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Opinion: What will the Nevada Assembly look like after Tuesday?


By Chuck Muth

There’s a pro-Republican tide sweeping the nation, and if it lifts the GOP’s boat here, the 2011 legislative session could be a lot better for Nevada’s citizens and taxpayers. Unless Nevada Republicans blow it.


The GOP should pick up a net of at least four seats in the state Assembly, and possibly as many as 8 (which would give them the majority – not that they’d know what to do with it).

Incumbent Assembly Republicans Likely Returning – 7. Pete Goicoechea, Lynn Stewart, Melissa Woodbury, Tom Grady, Ed Goedhart, John Hambrick, Richard McArthur.

Incumbent Assembly GOP Seats They Should Hold – 7. John Ellison (AD33), Scott Hammond (AD 13), Randy Kirner (AD 26), Pat Hickey (AD 25), Ira Hansen/Jodi Stephens (AD 32), Crescent Hardy (AD 20), Kelly Kite (AD 39).

Democrat Assembly Seats They Should Pick Up – 4. Tim Williams (AD 5), Dan Hill (AD 29), Pete Livermore (AD 40), Mark Sherwood (AD 21).

Democrat Assembly Seats They Could Pick Up if the “Wave” is Big Enough – 4. Randi Thompson (AD 31), Bob Irwin (AD 16), Jan Porter (AD 41), Tyler Andrews (AD 10).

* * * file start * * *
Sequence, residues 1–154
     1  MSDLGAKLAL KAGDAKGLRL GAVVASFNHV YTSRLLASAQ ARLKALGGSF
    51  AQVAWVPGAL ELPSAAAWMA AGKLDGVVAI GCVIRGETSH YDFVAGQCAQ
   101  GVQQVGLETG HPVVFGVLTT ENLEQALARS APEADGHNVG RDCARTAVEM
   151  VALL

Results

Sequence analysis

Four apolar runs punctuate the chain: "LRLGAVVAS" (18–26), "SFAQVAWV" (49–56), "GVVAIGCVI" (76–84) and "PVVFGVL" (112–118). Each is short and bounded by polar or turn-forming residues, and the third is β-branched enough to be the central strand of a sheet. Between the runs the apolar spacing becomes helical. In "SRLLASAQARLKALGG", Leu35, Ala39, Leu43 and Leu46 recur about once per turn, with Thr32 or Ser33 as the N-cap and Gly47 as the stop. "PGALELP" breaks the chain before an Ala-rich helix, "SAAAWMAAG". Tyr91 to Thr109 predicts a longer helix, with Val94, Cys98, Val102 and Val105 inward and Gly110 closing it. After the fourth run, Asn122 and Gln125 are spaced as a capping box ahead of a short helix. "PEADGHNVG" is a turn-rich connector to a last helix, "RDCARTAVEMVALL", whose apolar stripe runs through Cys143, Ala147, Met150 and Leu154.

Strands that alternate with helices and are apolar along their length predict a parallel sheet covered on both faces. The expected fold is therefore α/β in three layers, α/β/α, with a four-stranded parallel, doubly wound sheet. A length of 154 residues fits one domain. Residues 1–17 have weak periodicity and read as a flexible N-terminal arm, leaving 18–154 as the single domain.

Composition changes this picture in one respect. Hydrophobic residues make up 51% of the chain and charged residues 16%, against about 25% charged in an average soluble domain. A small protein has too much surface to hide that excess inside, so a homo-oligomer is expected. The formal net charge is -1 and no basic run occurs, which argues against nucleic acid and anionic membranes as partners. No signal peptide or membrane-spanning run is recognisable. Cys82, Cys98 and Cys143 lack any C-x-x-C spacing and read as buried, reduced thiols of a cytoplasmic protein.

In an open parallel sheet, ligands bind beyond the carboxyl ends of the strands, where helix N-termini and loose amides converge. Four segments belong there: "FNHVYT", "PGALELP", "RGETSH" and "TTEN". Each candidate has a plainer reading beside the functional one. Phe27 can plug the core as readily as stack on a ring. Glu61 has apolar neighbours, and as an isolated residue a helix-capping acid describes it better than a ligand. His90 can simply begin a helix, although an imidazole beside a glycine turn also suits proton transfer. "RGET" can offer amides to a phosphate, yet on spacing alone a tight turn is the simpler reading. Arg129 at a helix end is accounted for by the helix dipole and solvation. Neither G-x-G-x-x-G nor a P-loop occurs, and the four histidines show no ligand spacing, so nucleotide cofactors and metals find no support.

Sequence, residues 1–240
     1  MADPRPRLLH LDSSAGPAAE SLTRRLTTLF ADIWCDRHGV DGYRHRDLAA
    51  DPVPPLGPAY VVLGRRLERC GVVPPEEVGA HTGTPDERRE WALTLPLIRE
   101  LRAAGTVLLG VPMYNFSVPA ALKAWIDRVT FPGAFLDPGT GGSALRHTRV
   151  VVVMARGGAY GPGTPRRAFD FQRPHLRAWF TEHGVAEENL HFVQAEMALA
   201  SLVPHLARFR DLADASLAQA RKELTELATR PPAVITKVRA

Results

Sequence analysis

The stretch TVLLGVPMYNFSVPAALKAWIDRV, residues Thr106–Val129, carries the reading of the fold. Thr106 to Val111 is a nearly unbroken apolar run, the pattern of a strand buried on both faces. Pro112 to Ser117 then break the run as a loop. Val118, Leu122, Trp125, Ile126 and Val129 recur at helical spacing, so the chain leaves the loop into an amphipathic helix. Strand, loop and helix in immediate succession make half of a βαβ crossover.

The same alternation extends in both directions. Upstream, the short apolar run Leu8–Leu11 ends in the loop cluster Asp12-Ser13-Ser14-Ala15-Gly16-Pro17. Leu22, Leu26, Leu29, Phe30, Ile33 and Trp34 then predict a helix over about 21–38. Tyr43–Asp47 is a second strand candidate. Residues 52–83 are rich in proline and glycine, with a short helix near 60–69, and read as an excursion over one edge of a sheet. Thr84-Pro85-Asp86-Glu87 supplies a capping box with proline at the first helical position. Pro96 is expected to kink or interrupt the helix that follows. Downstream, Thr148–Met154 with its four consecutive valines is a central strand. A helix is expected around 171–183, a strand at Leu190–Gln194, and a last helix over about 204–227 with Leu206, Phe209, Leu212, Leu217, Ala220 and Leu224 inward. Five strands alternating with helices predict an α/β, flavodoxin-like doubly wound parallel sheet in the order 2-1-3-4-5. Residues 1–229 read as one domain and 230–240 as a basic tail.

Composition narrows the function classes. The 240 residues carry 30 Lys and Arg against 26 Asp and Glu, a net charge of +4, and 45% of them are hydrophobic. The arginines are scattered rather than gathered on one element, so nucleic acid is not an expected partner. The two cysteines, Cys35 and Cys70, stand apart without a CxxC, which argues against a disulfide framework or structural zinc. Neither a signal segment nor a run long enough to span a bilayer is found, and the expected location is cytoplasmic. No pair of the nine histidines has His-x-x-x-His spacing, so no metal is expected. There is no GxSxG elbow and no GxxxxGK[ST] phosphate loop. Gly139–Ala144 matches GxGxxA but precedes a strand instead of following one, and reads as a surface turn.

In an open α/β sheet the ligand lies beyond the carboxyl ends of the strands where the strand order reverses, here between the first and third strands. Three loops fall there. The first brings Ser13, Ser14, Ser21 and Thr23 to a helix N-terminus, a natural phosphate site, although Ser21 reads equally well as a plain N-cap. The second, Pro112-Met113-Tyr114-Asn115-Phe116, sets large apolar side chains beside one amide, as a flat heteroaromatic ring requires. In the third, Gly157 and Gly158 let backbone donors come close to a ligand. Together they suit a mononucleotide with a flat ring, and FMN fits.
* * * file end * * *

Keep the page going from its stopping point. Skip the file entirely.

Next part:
Worst case scenario is they lose AD 13 and pick up AD 40, which would keep Republicans in the super-minority with a total of 14 seats. But that’s highly unlikely. The GOP absolutely should pick up enough seats to deny the Democrats a veto-proof majority next year – but there’s a catch (isn’t there always?).

You see, even if Republicans pick up, say, a net of four seats in the Assembly – giving them a total of 18 – there’d still be at least a half-dozen go-along-to-get-along, wishy-washy Republicans who would side with Democrats to pass a tax hike or overturn a Gov. Sandoval veto (yeah, I’m avoiding the Christmas rush and starting to call him Governor now rather than wait for Tuesday).

Recall that seven Republicans in the Assembly voted for that $292 million tax hike on tourists last year – including Goicoechea, Stewart, Grady and Woodbury – and another, Carpenter, actually voted for the $800 million tax hike later at the end of the session (but he did have a good excuse; he said God told him to raise taxes).

So from painful experience and history, we know that it’s not enough to just elect more Republicans; you need to elect better ones, as well. Alas, too little, too late this cycle.

Perhaps taxpayers’ only hope is that Republicans in the Assembly will be smart enough to replace interim-Minority Leader Goicoechea with a new caucus chief who understands the necessity of being an opposition party, not a minority party, which will fight for its principled, philosophical beliefs instead of begging for legislative table scraps while singing Kumbaya with the Democrats.

We’re doomed.

Chuck Muth is president of Citizen Outreach, a non-profit public policy grassroots advocacy organization. He may be reached at [email protected].

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